Accident Prevention

Anyone who handles or uses cryogenic liquids must have adequate knowledge of the particular material’s properties and safe handling practices.4 Specific understanding acquired through proper training should include:

  • Properties of the cryogen as a liquid, solid, or gas
  • Materials compatible for use with that cryogen (e.g., compatible with the temperatures and pressures of the material)
  • Protective equipment required and its proper use
  • Understanding of the equipment being used, including its safety devices
  • Emergency procedures, including first aid and treatment

Ensure all employees handling and using cryogens read and understand the safety data sheet. In addition, develop and follow standard operating procedures (SOPs) whenever handling or using cryogenic materials. To jumpstart your training and SOPs, here are some quick tips:

  1. Remove metal jewelry/watches on your hands and wrists before working with cryogens. If exposed to cryogenic liquids or boil-off gases, the jewelry can freeze to your skin.
  2. Protect your eyes by wearing safety goggles whenever working with cryogenic fluids or samples recently removed from cryogenic temperatures. Full face shields should be used in the following situations: a) when a cryogen is poured; b) for open transfers; c) if fluid in an open container is likely to bubble.
  3. Wear a cryogen apron when working with cryogenic liquids.
  4. Try to cover all exposed skin by wearing long-sleeved shirts, long pants/skirts, a long-sleeved lab coat, well-fitted leather shoes (no sneakers), and gloves. Gloves should be loosefitting, lightweight, flexible, and insulated so that they can be quickly removed if cryogenic fluids are spilled on them.
  5. Do not transfer liquefied gases from one tank to another the first time without supervision.
  6. Use care when filling portable dewars and do not overfill them.
  7. Transfer or pour cryogens slowly in order to minimize boiling and splashing. To reduce the amount of splatter when transferring cryogenic liquids from one container to another, always start slowly, allowing the vaporization to chill the receiving container before filling it. Use a phase separator or special filling funnel (the top of the funnel should be partly covered to reduce splashing). If the liquid cannot be poured, use a cryogenic liquid withdrawal device for the transfer (be sure to follow all instructions provided with the device).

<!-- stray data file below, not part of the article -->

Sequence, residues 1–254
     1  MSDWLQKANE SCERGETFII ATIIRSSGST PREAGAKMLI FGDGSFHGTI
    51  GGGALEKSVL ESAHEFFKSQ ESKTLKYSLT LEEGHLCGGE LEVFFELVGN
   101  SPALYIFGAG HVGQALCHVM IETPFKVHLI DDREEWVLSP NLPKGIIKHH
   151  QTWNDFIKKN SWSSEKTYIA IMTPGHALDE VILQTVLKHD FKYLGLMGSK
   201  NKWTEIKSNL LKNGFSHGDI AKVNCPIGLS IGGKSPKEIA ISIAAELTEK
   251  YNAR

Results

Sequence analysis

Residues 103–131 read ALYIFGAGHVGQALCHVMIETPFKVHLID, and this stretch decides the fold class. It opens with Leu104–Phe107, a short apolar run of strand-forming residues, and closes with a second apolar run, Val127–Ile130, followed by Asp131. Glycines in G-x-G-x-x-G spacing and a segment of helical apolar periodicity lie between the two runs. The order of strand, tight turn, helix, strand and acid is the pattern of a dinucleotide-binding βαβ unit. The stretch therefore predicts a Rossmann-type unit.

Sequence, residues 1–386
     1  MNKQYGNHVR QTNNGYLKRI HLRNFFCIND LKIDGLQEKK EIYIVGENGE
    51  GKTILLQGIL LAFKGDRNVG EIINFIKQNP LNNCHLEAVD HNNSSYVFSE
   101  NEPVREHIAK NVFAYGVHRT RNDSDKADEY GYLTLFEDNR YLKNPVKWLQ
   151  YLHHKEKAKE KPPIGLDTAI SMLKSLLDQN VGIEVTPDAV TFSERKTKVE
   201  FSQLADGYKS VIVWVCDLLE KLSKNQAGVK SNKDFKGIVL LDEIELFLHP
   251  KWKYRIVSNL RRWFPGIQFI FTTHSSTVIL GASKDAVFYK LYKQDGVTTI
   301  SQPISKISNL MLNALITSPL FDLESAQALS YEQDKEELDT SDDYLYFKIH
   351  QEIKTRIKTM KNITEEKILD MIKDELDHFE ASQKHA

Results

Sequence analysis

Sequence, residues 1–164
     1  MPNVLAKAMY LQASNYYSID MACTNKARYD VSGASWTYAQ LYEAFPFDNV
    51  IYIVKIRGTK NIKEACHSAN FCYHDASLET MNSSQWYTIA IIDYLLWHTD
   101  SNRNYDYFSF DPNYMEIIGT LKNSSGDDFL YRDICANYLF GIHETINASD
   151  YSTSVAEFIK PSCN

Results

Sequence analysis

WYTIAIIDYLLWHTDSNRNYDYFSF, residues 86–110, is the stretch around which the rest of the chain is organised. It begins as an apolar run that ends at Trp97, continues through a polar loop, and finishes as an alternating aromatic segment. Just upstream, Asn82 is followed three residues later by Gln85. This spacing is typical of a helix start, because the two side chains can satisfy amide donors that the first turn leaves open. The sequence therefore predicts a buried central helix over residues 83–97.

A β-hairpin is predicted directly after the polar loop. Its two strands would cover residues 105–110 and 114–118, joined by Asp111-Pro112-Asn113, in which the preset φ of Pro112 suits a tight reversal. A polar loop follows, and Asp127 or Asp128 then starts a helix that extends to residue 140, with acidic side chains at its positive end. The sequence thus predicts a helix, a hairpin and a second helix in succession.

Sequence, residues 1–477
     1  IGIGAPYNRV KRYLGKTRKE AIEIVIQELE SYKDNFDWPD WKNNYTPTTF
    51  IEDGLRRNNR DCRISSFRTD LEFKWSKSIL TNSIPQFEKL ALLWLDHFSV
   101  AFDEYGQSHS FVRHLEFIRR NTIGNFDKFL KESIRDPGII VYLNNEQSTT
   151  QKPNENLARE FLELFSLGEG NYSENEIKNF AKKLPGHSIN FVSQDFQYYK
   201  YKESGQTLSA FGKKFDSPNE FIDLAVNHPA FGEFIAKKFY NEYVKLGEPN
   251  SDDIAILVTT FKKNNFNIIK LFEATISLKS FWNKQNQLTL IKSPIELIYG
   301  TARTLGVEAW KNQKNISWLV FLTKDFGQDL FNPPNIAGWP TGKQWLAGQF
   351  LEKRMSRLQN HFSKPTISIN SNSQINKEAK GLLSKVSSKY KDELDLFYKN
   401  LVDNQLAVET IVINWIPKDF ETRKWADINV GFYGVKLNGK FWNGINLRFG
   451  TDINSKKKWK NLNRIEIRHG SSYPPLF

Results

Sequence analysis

8. Use tubes specifically designed for cryogenic storage and place them in a heavy-walled container or behind a safety shield while thawing.
  9. When hand-carrying a cryogen-containing dewar, ensure that it is your only load (no books, coffee, or other items). Watch carefully for people who may run into you, and ensure that the dewar is carried with both hands and as far away from your face as comfortably possible.
  10. Ensure dewars are properly labeled with the identity of the cryogen. Do not mix different cryogens.
  11. To avoid asphyxiation, an oxygen monitor in good working order is recommended if you are working with a cryogen in a confined space.
  12. Do not permit smoking or open flame in any area where oxygen or hydrogen is stored, handled, or used.
  13. Do not lubricate oxygen equipment with oil, grease, or unapproved lubricants.


1. Prudent Practice in the Laboratory: Handling and Disposal of Chemicals, National Academies Press, National Resource Council, Washington, DC. 1995. 

2. “Inquiry after man dies in chemical leak,” BBC Online News, Monday, October 25, 1999. 

3. “Lab Safety Cryogens Incidents,” American Industrial Hygiene Association, Laboratory Health and Safety Committee. 2015. 

4. “How Do I Work Safely with Cryogenic Liquids?,” Canadian Center for Occupational Health and Safety, Hamilton, ON, Canada. 2015. 

Download the Infographic: Cryogen and Cold Storage Safety